Wasserwirtschaft und Hydrosystemmodellierung

Dr.-Ing. Mohamed Mahgoub

Multi-Dimensional Numerical Simulation of Flow and Salinity Transport Processes in the Nile Estuary in the Context of Sea Level Rise

The work evolved between 2011 - 2015 at the Chair of Water Resources Management and Modeling of Hydrosystems, Department Civil Engineering, School VI Plannung Building Environment, Technische Universität Berlin

Day of scientific discussion: 30.03.2015


  • Prof. Dr.-Ing Reinhard Hinkelmann, Technische Universität Berlin
  • Prof. Michele La Rocca, Roma TRE, Italy

Publication: Volume 20, Book Series of Institute of Civil Engineering, Technische Universität Berlin



The Nile River bifurcates at El-Qanater city (about 20 km north to Cairo) into two branches which are Rosetta branch (the western) and Damietta branch (the eastern), the two branches enclosing the Nile Delta and forming the Nile Estuary. The two branches discharge the Nile water into the Mediterranean Sea. The discharge of the two branches is controlled through several water structures.

The interaction between the Nile and the Mediterranean Sea considered in this research includes water and salinity transport. Considered as a large scale case with a complex geometry, multi-dimensional models for the Nile Estuary were set up in this research, and the TELEMAC-MASCARET modeling system was used for this purpose. The main aim of the research was to simulate the current conditions of flow and salinity transport in the Nile Estuary to improve the process understanding and to investigate possible changes due to the anticipated sea level rise. The Nile Estuary is a tideless estuary, this type of estuaries are more complex in terms of salinity transport than tidy estuaries.

The current status was first modeled based on the mean conditions of flow and sea water level, in order to investigate the propagation of saltwater inside the Nile. Then scenarios for the sea level rise were assessed to evaluate the influence of sea level rise on the propagation of gravity currents.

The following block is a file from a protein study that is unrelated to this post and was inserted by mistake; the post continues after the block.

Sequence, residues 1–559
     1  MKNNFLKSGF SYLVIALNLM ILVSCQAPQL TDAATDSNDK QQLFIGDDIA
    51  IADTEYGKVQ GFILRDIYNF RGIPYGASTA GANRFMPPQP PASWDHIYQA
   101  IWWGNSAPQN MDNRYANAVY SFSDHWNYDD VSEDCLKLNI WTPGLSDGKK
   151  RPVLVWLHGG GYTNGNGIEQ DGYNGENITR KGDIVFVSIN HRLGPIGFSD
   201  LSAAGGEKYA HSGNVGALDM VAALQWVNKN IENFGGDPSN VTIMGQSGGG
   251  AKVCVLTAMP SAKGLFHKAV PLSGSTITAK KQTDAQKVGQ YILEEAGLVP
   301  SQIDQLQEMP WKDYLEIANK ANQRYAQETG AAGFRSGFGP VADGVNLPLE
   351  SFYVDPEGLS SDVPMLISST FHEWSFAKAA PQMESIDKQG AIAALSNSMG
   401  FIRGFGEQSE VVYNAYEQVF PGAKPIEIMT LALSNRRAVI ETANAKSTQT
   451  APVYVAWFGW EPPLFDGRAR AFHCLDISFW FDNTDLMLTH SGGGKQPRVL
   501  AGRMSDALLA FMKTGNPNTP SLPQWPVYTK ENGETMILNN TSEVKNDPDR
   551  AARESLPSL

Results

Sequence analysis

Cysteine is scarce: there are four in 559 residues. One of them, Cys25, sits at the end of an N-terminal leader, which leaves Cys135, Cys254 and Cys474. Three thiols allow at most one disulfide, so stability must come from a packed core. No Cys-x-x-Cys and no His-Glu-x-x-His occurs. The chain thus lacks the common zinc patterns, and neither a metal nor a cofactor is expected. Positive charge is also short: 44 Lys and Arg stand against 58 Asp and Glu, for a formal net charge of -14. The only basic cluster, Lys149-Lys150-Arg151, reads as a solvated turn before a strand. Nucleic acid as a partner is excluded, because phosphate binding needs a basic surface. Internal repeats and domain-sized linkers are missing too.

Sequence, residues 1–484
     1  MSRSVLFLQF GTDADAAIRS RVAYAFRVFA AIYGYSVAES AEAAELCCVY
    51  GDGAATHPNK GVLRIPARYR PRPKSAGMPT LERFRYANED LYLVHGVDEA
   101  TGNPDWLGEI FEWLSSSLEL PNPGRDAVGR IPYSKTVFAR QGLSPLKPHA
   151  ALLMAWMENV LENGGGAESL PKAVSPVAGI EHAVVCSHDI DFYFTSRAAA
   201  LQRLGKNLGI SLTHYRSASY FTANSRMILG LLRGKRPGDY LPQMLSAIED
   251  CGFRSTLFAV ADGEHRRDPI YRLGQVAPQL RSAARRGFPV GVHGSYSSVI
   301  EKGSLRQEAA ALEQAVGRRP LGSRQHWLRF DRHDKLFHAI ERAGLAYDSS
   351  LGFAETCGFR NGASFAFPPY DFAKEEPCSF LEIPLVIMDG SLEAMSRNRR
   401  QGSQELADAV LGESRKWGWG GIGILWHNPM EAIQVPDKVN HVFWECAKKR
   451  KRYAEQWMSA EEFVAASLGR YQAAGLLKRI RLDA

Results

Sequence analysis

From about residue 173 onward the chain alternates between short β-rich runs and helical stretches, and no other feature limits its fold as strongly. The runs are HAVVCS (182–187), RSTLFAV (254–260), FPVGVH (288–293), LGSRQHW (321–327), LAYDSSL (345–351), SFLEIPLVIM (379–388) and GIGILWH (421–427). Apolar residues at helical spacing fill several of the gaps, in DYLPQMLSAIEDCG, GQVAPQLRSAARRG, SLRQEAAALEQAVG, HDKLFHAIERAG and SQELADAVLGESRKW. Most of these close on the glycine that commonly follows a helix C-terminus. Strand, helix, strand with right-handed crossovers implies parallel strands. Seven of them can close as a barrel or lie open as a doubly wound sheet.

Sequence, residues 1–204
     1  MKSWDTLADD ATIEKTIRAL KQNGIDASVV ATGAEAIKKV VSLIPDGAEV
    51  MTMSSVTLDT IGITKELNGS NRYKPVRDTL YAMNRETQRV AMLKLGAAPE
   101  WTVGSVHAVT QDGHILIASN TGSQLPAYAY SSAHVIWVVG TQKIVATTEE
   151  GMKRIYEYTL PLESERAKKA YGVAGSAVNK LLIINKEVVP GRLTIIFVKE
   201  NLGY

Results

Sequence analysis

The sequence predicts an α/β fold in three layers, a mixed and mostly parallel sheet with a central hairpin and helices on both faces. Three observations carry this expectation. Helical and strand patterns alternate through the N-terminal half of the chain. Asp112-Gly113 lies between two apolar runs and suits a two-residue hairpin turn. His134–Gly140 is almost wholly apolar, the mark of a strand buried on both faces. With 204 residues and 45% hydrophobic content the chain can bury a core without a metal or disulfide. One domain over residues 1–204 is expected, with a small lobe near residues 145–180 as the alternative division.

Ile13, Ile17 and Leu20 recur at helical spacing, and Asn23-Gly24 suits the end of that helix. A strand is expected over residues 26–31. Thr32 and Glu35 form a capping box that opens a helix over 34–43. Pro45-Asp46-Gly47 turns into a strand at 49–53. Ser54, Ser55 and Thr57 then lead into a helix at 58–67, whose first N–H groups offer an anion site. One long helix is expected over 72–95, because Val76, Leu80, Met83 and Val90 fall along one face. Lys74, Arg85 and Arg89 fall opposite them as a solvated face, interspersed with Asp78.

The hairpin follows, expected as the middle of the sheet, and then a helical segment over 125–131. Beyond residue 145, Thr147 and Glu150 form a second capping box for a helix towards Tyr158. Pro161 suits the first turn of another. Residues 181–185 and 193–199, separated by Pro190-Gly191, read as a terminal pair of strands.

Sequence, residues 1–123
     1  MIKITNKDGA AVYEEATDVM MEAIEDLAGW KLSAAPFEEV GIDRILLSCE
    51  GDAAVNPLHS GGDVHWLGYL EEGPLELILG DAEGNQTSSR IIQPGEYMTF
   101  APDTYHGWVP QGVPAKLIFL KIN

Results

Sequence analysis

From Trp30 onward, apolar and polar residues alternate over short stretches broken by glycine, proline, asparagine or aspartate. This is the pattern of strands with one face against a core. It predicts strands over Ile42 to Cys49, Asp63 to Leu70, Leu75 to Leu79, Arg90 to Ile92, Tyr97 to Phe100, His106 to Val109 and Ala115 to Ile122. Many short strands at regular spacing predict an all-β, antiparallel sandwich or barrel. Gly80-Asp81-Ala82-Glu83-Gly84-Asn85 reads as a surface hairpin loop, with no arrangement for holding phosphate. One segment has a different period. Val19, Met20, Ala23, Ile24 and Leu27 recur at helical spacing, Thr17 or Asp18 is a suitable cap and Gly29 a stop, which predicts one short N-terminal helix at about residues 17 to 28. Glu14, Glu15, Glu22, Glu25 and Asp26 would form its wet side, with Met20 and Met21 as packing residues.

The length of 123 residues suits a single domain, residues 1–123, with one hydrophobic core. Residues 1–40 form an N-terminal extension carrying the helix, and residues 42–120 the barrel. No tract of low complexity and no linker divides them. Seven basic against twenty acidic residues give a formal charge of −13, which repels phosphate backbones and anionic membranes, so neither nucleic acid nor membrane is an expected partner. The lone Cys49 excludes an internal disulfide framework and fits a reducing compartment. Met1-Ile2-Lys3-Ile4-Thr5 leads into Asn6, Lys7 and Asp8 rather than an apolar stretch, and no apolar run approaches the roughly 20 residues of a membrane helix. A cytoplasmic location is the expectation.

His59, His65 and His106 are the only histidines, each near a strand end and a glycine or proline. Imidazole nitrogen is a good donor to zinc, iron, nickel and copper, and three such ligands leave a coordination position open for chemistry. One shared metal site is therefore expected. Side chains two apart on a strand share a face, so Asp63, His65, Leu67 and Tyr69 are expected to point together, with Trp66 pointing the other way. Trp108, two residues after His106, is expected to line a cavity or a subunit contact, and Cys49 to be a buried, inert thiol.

A two-dimensional model was first set up using TELEMAC2D, although the salinity transport is density-driven flow and therefore it is mainly a three-dimensional phenomenon. The capability of TELEMAC2D to simulate flow driven by horizontal density differences was first checked using two case studies (rectangular and trapezoidal cross sections) and finally it was verified and hence it was used to simulate the Nile Estuary.

As the density-driven flows (gravity currents) are the major phenomena that govern the transport of the saline water between the Nile and the sea, a 3D model to simulate these phenomena in two cases of lock-exchange experiments was first set up using TELEMAC3D in order to verify it. The results of the numerical model were compared with experimental results. The model showed high accuracy and it was concluded that the TELEMAC3D is capable of simulating such phenomena. It was also concluded that a non-hydrostatic simulation and the use of complex turbulence model achieve higher accuracy. Thereof, a 3D model for the Nile Estuary was set up to simulate the gravity currents and to assess the stratification of salinity in the Nile. The model simulated complex phenomena in a complex natural geometry.

It was concluded that the salt wedge is a stratified fluid in which the salinity decreases from the bottom towards the surface where a layer of less brackish water exists. The salt wedge was fluctuating, although steady boundary conditions were imposed, and it was not stagnant as it was expected, which could be caused by the weak balance between barotropic and baroclinic gradients in tideless estuaries as the case of the Nile Estuary.

For both the 2D and the 3D models of the Nile Estuary, three scenarios for the sea level rise were also analyzed to study its impact. Based on the results of the models, it was found that there was an intrusion for the saltwater inside the Nile, and any increase in the sea level will cause further intrusion. The intrusion length increased by 1.2 km, 5.1 km, and 6.6 km in case of sea level rise of 0.24 m, 0.69 m and 1.0 m, respectively. To keep the current status of balance, in terms of saltwater intrusion inside the Nile in case of sea level rise, the discharge of Edfina barrage has to be increased. However that would affect the water budget of the country as this water will be discharged into the sea being considered as losses.

Comparing the 2D and the 3D model, the hydrodynamic results were similar in terms of water levels and discharge, however the flow field was different as the secondary currents could be seen only in the 3D model. For the salinity transport, the intrusion length was much higher in the 3D model. The stratification of the salt wedge can only be seen in the 3D model. So, the 2D model can be used for calculating water levels and average water velocity. For the salinity transport, the 3D model is more suitable, the 2D model can only be used as a rough estimation.